Posted in math, mind, more seeds, special education

# Writing IEP Goals and Objectives, Part 2: Identifying Obstacles to Learning

## Identifying Obstacles to Learning

In the past post, we analyzed a grade-level standard to determine the skills, concepts and knowledge that all students need to gain to master the goal, as written.

For students with disabilities, this grade-level goal will be challenging to reach in a year, without specially designed instruction. Analyzing the essential components of the standard helps us determine with which parts of the standard our students will need more assistance. From this, we will come up with annual goals to help get the students where they need to, ultimately, be.

To achieve this, we need to identify, for our student, the main obstacles to the child accessing the grade-level curriculum as represented in that standard. To determine a student’s main obstacles to learning, consider the kinds of questions the student asks when doing grade-level work. {Image Credit: (c) 2019, Kim M. Bennett}

## What Part of the Standard Will We Address?

Let’s reconsider the math standard we analyzed from the last post:

`6.NS.a.1. Interpret and compute quotients of fractions, and solve word problems involving division of fractions by fractions, e.g., by using visual fraction models and equations to represent the problem.`

When we closely examined the standard, we determined that, in order to fully master this standard, students needed to be able to do the following:

• know and understand (as evidenced by correctly using) the terms fraction, dividend, divisor and quotient;
• demonstrate understanding of the concepts of fraction, quotients of fractions, word problems as a representation of division problems involving fractions, and the concept of division;
• interpret and compute quotients of fractions;
• solve word problems involving division of fractions by fractions.

In order to write the standards-based goal, we must first determine the portion(s) of the standard (or implied foundational parts of the standard) with which our student is struggling. I think about the questions that the student asks me, when we’re working on problems based on this standard. Below are some questions students ask, and what they might indicate. I’ve categorized them into two groups: general instruction issues and specially-designed instruction issues. Sometimes, there’s a major foundational skill that interferes with a student otherwise accessing the grade-level. {Image Credit: (c) 2018, Kim M. Bennett}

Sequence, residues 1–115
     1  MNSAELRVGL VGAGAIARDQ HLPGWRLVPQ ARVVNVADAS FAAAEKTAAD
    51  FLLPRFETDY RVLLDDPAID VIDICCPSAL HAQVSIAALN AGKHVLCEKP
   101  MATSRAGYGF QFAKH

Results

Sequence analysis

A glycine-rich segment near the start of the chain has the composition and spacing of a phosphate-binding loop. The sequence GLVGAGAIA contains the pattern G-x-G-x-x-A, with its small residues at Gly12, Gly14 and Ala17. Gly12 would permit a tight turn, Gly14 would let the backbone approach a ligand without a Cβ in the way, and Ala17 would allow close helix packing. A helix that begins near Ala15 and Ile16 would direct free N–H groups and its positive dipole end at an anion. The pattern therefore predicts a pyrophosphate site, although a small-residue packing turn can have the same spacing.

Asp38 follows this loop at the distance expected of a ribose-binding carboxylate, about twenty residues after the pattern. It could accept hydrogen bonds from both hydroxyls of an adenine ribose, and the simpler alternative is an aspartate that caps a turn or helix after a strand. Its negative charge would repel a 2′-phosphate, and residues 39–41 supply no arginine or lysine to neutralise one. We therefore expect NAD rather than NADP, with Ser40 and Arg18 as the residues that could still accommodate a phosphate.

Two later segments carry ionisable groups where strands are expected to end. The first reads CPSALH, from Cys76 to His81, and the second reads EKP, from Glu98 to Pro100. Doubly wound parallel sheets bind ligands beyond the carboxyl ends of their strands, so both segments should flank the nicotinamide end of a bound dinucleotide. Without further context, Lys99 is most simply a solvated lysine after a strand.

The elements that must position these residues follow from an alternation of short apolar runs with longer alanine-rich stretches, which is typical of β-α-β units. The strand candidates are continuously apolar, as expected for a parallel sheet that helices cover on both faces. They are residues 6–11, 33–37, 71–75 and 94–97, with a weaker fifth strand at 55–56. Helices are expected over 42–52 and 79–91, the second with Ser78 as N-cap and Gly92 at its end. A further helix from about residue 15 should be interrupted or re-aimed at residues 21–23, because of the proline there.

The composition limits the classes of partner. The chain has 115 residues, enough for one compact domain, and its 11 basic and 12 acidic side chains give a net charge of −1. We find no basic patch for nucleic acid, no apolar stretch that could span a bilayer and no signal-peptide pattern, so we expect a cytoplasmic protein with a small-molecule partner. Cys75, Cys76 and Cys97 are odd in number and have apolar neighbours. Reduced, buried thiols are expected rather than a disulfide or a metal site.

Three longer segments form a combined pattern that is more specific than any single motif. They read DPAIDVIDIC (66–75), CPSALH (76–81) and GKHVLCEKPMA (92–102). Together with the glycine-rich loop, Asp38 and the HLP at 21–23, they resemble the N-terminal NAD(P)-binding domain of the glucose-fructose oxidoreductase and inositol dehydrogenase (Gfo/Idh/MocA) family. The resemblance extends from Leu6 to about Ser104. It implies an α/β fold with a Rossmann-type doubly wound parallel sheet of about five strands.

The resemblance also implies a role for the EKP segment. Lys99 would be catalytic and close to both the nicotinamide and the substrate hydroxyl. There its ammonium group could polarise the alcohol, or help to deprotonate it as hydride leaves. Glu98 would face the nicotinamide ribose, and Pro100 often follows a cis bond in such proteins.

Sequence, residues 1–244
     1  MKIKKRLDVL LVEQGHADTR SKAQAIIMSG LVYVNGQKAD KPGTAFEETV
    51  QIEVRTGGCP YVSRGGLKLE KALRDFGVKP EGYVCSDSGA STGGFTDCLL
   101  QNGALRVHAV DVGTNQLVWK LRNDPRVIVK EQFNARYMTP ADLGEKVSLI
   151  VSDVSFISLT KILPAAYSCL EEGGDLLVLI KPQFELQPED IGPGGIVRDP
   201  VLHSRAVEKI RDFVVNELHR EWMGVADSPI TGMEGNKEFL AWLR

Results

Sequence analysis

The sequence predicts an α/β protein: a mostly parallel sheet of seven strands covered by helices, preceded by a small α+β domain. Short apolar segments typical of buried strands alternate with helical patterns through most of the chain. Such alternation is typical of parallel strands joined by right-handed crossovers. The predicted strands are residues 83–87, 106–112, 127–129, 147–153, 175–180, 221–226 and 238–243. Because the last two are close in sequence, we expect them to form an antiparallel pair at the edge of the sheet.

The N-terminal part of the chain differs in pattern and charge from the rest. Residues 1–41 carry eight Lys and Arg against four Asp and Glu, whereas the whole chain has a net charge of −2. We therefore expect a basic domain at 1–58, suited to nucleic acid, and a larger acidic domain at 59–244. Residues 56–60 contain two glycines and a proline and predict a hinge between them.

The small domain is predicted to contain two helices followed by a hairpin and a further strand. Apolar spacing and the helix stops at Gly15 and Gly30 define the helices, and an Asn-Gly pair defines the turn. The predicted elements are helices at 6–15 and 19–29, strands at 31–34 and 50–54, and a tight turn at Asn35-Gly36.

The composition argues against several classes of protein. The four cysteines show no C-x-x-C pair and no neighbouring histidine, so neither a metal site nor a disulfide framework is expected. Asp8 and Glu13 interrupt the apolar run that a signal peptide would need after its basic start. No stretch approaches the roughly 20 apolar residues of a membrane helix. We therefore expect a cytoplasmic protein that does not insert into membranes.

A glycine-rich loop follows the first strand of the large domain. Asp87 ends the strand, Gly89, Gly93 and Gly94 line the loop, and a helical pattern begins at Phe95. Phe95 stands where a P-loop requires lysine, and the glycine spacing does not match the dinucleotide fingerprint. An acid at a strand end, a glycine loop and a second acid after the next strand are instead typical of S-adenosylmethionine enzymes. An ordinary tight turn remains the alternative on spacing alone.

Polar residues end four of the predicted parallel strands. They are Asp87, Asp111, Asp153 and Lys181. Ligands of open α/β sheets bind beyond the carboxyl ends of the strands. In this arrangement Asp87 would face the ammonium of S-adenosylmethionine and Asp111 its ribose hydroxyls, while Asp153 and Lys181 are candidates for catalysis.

### General Instruction Issues

General instruction issues are problems the student has that are parts of the grade-level standard that any student might reasonably need help with, because they represent new grade-level content. In other words, for this example, given a class of students in Grade 6, and new instruction, many of your students might not have fully mastered the skill or concept, until the end of the year, because they haven’t been taught fully yet. These would not be ideas to focus on in your IEP goals, as they should reasonably be met through general education instruction or early intervention supports:

• “I get how to divide whole numbers, but what does it mean to divide a fraction?” (the student has difficulty understanding division as it applies to numbers that are not whole numbers)
• “I know what it’s asking me – but how do I divide fractions by fractions?” (the student doesn’t know a procedure to use to solve the problem)
• “How do I set that up?” (the student does not know how to represent the word problem using visual models or an equation)
• “I read it, but I don’t get it. What am I supposed to do?” (the student has difficulty understanding the word problem as a problem that can be solved using mathematics) Difficulty with using multiple means of representing mathematical ideas is a common area for student difficulties in mathematics. {Image Credit: (c) 2018, Kim M. Bennett}